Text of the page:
One definition of gratitude is a state of mind where one feels and expresses thankfulness consistently over time and across situations (1).
Gratitude exercises can be quick, easy and can help improve happiness, stress, and depression (2, 3).
A study of 814 college students showed that students with higher gratitude levels were less depressed, had lower suicidal-ideation, and higher self-esteem (4).
What are some ways to use gratitude exercises to feel better fast?
- Quick gratitude journal: write one or more things that you are grateful for on a daily basis. As a way to make it part of a daily routine, could you consider thinking about gratitude during an activity that you do everyday. Learn more here.
- Consider giving 1 genuine compliment per day to someone.
- Could you make a bulletin board with images and words that make you feel grateful. This could be placed where you could see it regularly.
- When walking, could you consider using your 5 senses to find something that you are grateful for?
- A book about positive psychology: Authentic Hapiness by Martin Seligman.
- Harvard’s link on gratitude exercise (click then scroll down the page): http://www.health.harvard.edu/newsletter_article/in-praise-of-gratitude
What are some resources to improve mental health?
- Counseling at the OSU Student Life Counseling and Consultation Service
- Wellness coaching through the OSU Student Wellness center
- Holiday stress article from the Mayo Clinic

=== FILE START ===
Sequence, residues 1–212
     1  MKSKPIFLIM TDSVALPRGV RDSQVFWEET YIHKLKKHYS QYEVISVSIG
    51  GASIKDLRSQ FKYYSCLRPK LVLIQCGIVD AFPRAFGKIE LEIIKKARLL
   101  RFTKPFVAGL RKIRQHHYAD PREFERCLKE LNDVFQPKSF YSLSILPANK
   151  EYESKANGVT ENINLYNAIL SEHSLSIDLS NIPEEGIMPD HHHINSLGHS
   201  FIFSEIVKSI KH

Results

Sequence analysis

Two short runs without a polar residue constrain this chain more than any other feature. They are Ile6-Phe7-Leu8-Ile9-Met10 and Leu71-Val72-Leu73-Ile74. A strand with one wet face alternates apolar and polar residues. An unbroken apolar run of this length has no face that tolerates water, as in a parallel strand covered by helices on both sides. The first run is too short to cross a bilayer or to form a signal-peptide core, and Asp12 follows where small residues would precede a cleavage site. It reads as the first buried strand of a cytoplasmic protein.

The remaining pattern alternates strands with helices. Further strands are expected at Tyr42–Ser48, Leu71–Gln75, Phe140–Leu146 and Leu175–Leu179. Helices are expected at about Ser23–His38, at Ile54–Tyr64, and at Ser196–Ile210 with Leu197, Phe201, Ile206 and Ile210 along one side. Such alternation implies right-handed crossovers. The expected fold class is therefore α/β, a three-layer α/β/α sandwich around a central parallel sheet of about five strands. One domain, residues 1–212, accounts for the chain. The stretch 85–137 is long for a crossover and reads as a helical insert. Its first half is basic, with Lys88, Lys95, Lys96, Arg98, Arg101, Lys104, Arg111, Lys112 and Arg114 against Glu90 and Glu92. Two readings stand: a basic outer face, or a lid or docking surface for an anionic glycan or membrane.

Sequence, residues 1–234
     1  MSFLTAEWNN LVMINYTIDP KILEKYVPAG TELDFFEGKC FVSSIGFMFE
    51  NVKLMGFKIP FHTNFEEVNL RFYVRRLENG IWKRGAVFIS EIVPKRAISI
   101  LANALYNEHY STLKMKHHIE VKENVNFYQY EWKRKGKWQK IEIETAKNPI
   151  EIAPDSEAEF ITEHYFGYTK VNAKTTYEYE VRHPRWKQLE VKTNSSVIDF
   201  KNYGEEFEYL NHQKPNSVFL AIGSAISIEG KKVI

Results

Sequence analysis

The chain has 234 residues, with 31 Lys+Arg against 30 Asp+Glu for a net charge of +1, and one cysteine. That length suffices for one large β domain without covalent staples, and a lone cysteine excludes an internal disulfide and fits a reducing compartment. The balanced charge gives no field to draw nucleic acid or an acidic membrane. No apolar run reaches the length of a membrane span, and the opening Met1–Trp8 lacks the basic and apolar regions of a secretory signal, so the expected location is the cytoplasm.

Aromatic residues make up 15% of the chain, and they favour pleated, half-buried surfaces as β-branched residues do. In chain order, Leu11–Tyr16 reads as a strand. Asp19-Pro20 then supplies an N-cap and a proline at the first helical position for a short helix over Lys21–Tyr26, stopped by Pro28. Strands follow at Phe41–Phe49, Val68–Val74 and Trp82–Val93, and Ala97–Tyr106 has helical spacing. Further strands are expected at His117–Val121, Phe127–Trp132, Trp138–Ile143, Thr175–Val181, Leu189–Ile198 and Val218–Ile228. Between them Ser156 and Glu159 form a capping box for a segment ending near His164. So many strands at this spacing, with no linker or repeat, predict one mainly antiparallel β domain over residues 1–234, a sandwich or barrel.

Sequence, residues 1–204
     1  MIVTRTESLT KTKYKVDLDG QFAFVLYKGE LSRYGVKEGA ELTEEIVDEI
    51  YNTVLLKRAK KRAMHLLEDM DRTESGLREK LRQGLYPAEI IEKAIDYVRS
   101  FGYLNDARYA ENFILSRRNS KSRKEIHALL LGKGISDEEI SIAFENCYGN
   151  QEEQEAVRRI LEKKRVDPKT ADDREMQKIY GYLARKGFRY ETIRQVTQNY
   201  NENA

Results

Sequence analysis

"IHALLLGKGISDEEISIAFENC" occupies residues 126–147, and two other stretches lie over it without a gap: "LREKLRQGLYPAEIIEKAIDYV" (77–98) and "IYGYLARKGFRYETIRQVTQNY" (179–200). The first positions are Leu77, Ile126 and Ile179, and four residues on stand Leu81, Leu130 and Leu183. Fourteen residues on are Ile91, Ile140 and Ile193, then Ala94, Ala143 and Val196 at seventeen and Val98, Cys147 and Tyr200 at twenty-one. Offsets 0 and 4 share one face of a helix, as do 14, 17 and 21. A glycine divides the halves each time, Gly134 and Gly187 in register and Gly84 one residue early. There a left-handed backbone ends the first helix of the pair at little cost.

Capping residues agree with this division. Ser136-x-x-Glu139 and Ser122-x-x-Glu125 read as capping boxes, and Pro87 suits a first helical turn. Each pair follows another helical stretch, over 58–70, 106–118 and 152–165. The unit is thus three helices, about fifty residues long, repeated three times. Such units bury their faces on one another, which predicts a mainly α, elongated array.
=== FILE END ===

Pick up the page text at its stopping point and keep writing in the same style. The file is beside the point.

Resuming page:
- Depression information at the National Institute of Mental Health
- Anonymous mental health screen
- Depression and Bipolar Support Alliance
- National Alliance on Mental Illness (NAMI)
Some people may need to practice this for a while before seeing major benefits.
Could gratitude practices help you feel better?
Disclaimer: This article is intended to be informative only. It is advised that you check with your own physician/mental health provider before implementing any changes. With this article, the author is not rendering medical advice, nor diagnosing, prescribing, or treating any condition, or injury; and therefore claims no responsibility to any person or entity for any liability, loss, or injury caused directly or indirectly as a result of the use, application, or interpretation of the material presented.
- Emmons, R. A. & Crumpler, C. A. (2000). Gratitude as a human strength:
Appraising the evidence. Journal of Social and Clinical Psychology, 19, 56–69.
- Oleary K, Dockray S. The Effects of Two Novel Gratitude and Mindfulness Interventions on Well-Being. THE JOURNAL OF ALTERNATIVE AND COMPLEMENTARY MEDICINE. Volume 21, Number 4, 2015, pp. 243–245.
- Lin CC. The relationships among gratitude, self-esteem, depression, and suicidal
ideation among undergraduate students. Scandinavian Journal of Psychology, 2015, 56, 700–707. DOI: 10.1111/sjop.12252